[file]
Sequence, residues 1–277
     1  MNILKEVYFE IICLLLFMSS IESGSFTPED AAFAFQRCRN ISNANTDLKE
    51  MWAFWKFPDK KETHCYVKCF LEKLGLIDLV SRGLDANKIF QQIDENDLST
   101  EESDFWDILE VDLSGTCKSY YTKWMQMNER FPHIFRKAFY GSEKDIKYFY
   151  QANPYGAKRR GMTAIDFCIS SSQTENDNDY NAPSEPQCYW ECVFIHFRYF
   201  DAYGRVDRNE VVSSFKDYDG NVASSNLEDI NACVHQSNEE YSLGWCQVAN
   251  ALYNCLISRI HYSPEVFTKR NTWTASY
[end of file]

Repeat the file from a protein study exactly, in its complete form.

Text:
Sequence, residues 1–277
     1  MNILKEVYFE IICLLLFMSS IESGSFTPED AAFAFQRCRN ISNANTDLKE
    51  MWAFWKFPDK KETHCYVKCF LEKLGLIDLV SRGLDANKIF QQIDENDLST
   101  EESDFWDILE VDLSGTCKSY YTKWMQMNER FPHIFRKAFY GSEKDIKYFY
   151  QANPYGAKRR GMTAIDFCIS SSQTENDNDY NAPSEPQCYW ECVFIHFRYF
   201  DAYGRVDRNE VVSSFKDYDG NVASSNLEDI NACVHQSNEE YSLGWCQVAN
   251  ALYNCLISRI HYSPEVFTKR NTWTASY